Year In Review : 1919 National League
Off the field...
A federal prohibition act known as the "Volstead Act" was passed over the veto of President Woodrow Wilson making provisions for the enforcement of the Eighteenth Amendment, which strictly forbid the manufacturing, sale, importing, or exporting of all intoxicating liquors. The act defined an intoxicating beverage as one containing more than .5% alcohol by volume and included all hard liquors and wines. It also gave federal agents the power to investigate and prosecute violations of the amendment at their own discretion.
On September 9th, three-quarters of the Boston police force voted to go on strike. Massachusetts Governor Calvin Coolidge quickly intervened to dismiss the strikers, stating that no labor dispute would be allowed to compromise public safety.
Race riots erupted in twenty-six U.S. cities during the summer including an extremely violent protest in Chicago that left thirty-eight dead, more than five-hundred injured, and many more homeless. The killing of a black teenager at the 26th Street beach sparked the conflict, but racial tension had been brewing in the "Windy City" for years.
In the American League...
In December, Colonel Jacob Ruppert purchased Babe Ruth from Boston Red Sox owner Harry Frazee. The New York Yankees owner paid a reported sum of $125,000 and guaranteed a $300,000 loan with Fenway Park as collateral for the promising pitcher/infielder who had completed the last season with fifty-four home runs and a .847 slugging percentage.
Chicago White Sox ace Eddie Cicotte (a member of the "Black Sox" scandal) beat the Philadelphia Athletics for the twelfth straight time on June 14th en route to a 29-7 season and an astounding 1.82 ERA.
On June 23rd, Boston Red Sox first baseman Stuffy McInnis made his first fielding error after successfully handling five-hundred twenty-six chances.
In the National League...
On June 8th, the Philadelphia Phillies outsmarted the New York Giants and broke the record for most stolen bases in an inning (set by Washington in 1915) after four runners made it to first base in the ninth and each stole both second and third.
Brooklyn Dodger Ed Konetchy went five-for-five on July 1st during a 9-4 win over the Philadelphia Phillies tallying his tenth straight hit and tying a record set by Washington's Jake Gettman in 1897.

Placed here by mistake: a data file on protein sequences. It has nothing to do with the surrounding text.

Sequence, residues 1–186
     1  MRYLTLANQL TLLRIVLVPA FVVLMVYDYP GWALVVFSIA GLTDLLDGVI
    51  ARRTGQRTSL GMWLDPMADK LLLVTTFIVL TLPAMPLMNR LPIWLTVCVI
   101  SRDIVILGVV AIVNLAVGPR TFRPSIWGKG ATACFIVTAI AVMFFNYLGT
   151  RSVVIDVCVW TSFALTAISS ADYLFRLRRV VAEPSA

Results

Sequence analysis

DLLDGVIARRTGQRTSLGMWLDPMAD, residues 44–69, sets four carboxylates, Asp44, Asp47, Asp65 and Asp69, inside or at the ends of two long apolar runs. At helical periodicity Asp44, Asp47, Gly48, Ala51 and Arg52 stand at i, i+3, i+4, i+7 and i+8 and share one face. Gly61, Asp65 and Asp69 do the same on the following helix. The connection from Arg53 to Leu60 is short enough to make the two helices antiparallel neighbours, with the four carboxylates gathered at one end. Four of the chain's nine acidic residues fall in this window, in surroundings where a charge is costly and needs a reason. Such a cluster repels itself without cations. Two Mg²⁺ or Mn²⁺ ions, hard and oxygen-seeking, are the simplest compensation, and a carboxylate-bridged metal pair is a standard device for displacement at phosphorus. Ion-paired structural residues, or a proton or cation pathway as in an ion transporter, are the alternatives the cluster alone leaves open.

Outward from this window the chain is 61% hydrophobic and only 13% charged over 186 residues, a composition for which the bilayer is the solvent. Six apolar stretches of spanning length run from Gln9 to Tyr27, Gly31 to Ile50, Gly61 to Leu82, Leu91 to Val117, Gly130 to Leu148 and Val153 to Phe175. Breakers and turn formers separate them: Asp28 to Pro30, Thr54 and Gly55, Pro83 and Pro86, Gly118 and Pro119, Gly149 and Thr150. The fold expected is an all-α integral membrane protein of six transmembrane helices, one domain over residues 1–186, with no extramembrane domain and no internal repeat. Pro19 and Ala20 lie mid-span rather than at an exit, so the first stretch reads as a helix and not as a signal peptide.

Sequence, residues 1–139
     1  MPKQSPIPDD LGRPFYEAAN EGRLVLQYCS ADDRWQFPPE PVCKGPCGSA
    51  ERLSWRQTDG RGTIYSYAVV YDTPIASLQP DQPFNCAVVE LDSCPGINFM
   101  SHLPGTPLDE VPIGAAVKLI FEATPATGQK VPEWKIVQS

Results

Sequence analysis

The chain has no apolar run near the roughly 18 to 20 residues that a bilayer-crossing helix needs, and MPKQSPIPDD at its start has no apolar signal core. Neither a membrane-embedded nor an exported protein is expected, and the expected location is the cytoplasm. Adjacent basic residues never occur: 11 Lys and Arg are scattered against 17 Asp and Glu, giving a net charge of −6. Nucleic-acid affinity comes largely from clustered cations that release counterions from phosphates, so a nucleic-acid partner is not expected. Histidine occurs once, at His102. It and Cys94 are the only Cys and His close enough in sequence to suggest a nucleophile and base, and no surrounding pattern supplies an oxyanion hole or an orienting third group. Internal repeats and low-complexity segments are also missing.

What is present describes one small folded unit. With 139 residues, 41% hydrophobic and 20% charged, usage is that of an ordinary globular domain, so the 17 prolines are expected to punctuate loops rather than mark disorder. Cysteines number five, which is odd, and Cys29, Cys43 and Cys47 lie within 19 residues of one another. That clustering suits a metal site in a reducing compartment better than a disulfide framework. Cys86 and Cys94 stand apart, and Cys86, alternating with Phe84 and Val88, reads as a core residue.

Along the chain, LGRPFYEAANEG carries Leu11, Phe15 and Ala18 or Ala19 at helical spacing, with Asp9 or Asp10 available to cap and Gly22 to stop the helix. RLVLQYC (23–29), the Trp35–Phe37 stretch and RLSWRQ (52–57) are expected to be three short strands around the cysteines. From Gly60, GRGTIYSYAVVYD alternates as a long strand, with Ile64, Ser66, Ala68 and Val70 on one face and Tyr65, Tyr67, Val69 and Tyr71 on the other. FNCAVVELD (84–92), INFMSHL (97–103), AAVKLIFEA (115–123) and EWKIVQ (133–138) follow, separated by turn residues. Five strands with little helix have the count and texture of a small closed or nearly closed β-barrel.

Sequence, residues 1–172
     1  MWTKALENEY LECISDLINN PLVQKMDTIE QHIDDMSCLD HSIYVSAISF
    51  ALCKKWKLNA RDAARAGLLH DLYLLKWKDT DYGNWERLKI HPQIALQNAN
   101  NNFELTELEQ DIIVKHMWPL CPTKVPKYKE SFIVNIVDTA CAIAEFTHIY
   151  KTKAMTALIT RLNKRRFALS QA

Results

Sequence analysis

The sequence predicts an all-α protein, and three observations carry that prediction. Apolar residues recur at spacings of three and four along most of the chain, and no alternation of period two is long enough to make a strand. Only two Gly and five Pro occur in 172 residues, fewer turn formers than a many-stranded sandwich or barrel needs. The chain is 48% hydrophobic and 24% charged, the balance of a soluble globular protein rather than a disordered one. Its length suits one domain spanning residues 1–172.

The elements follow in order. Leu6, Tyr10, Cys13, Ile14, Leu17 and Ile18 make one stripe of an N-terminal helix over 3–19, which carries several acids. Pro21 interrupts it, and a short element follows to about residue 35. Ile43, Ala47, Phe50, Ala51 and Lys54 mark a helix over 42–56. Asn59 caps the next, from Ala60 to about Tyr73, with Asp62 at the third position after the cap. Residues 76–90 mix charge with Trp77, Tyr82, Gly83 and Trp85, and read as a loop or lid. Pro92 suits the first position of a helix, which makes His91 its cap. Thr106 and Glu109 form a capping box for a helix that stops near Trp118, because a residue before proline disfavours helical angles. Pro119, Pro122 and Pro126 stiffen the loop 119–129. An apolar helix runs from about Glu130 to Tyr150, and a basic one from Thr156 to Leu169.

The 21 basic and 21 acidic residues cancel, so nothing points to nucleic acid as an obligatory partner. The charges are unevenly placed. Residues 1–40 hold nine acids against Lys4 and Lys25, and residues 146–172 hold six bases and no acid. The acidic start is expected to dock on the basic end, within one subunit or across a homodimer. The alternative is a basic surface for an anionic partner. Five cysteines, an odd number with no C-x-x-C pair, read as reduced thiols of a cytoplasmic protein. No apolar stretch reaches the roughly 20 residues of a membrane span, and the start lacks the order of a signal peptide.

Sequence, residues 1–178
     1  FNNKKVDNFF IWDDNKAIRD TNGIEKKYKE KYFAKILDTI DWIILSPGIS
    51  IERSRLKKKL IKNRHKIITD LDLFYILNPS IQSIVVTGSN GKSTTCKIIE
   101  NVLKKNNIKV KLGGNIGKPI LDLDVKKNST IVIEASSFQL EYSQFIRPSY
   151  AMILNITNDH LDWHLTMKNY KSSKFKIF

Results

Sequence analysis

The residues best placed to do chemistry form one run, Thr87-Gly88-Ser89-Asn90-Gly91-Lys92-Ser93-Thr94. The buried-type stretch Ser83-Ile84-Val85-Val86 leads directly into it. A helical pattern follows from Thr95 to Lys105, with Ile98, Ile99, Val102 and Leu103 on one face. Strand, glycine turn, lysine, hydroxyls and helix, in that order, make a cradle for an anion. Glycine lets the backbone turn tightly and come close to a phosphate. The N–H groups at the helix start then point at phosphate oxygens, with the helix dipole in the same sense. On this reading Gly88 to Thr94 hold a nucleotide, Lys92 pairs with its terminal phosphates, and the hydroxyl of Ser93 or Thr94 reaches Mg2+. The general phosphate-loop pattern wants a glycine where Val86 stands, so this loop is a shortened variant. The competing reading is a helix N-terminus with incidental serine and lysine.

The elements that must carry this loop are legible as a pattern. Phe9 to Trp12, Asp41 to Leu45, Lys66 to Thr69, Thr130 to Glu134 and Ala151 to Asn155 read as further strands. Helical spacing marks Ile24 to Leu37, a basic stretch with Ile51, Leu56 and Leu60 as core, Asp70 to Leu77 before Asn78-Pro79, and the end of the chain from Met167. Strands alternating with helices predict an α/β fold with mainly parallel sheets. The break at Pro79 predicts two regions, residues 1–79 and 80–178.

The National League voted to ban the use of spitball's by all new pitchers. The ban was formally worked out by the Rules Committee the following February and was expanded to include the use of all foreign substances (saliva, resin, talcum powder, paraffin) as well as any other alterations (shine or emery) to balls by pitchers.
Around the league...
Anticipating a poor season at the gate, major league owners decided to open a reduced one-hundred forty game season. Despite the lack of close races, attendance remained high all year and every club managed to show a profit at the end of the year.
The 1919 World Series ignited the infamous "Black Sox" scandal after eight members of the participating White Sox including pitchers Eddie Cicotte and Claude (Lefty) Williams, outfielders Joe Jackson and Happy Felsch, first baseman Chick Gandil, shortstop Swede Risberg, third baseman Buck Weaver and reserve infielder Fred McMullin were all charged with conspiring to fix the outcome of the Fall Classic against the Cincinnati Reds. Cynics were tipped off before the Series even started when the pre-game betting odds swapped shortly before the first game. Despite the rumors, most fans and members of the press accepted the games to be true, but all that would change in 1920 as suspicions turned into confessions. To this day participants in the conspiracy have been denied entry into the Baseball Hall of Fame.